It is difficult to see the entire eco system around the city, says Levine, so we really are looking at the capital cost of urban transportation. Within Japan, there is a strong private sector around rail and systems but it's important to view a complete system where partnerships can be analyzed.

Using ITMS to Solve India's Vast Transportation Challenges

Shumpei Fujii heads NEC's transportation business unit in India. Since 2014, NEC has been working with four projects related to bus rapid transit lines as well as city buses, a total of 4,000 buses, and an ICT system.

India faces a myriad of challenges – a lot of ground realities. India today has around 100 bus operation public authorities and 150,000 public buses running daily. With daily ridership approaching 90 million, this is a remarkable number for a global economy. The number of BRT lines serving seven cities has a daily ridership of around 340,000. The World Bank and other government initiatives are planning 12 more BRT lines. Today many BRT lines are implementing ICT.

But in reality, says Fujii, there are vast challenges remaining for users, which means challenges facing government and operators. Problems abound over issues such as planning, ride discomfort, buses not arriving on time, routes that don't match customer location needs, overcrowding, difficulty of fare payment due to overcrowding and safety, particularly the concerns of female passengers.

Challenges for operators have to do with schedule distortion; when buses bunch up or when schedule gaps cause delays. Drivers skip stops. Operations are done manually. Planning is not efficient, routes are duplicated, and there are many instances of cash collection fraud. Fujii wryly relates that it's actually standard operation procedure for drivers to pocket the fares. Other difficult issues focus on bus maintenance, route planning, or personnel dispatch. Controlling thousands or even tens of thousands sitting on the ground is difficult at best. To reach solutions Fujii says there is a need for ground visualization and optimization.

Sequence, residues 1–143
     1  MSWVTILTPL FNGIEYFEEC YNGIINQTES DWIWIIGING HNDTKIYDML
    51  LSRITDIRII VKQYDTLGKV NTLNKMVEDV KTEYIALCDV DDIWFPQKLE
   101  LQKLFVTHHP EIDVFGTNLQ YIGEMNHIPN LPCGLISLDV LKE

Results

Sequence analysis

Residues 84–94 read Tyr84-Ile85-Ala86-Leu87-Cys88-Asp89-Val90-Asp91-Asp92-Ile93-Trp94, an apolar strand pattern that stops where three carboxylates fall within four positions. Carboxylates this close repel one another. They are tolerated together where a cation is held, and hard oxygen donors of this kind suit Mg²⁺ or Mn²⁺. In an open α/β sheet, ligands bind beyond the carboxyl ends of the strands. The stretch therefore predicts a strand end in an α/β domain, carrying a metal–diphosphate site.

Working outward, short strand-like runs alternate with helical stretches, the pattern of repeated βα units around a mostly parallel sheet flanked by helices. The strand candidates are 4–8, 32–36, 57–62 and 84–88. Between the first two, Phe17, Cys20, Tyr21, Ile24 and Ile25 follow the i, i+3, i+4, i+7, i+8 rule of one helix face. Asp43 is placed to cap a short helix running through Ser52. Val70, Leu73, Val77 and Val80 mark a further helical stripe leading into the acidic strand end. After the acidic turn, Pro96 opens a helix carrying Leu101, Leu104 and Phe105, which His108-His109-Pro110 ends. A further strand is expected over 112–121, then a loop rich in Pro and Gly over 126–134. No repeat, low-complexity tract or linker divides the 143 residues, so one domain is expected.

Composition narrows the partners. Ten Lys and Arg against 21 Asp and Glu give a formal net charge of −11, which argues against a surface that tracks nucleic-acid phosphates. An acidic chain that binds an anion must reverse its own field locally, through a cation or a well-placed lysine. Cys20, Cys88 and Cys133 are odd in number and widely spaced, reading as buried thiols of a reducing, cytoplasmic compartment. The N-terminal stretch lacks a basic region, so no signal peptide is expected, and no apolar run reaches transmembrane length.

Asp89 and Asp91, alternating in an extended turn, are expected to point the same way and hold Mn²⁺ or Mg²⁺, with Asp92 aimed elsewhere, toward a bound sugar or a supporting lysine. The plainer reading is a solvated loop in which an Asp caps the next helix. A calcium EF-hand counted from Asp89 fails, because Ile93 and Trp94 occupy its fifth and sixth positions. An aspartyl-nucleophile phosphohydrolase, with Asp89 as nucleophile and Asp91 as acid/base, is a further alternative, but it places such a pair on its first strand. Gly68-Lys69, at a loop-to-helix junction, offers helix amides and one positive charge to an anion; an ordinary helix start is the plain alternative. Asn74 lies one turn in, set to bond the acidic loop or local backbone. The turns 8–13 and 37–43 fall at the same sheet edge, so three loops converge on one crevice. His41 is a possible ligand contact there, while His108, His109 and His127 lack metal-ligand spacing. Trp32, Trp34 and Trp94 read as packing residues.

ITMS (Integrated Transportation Management System) is used to collect data by putting devices in the systems; some for fare collection, others for tracking vehicles or incidents or planning personnel rosters. What is most important is the analytic metrics layer where data is gathered, thought about logically and developed into practical solutions. The goal is to eventually be able to contribute to an improvement scenario by enhancing the experience, handling fare revenue increases, optimizing schedules and visualizing KPIs.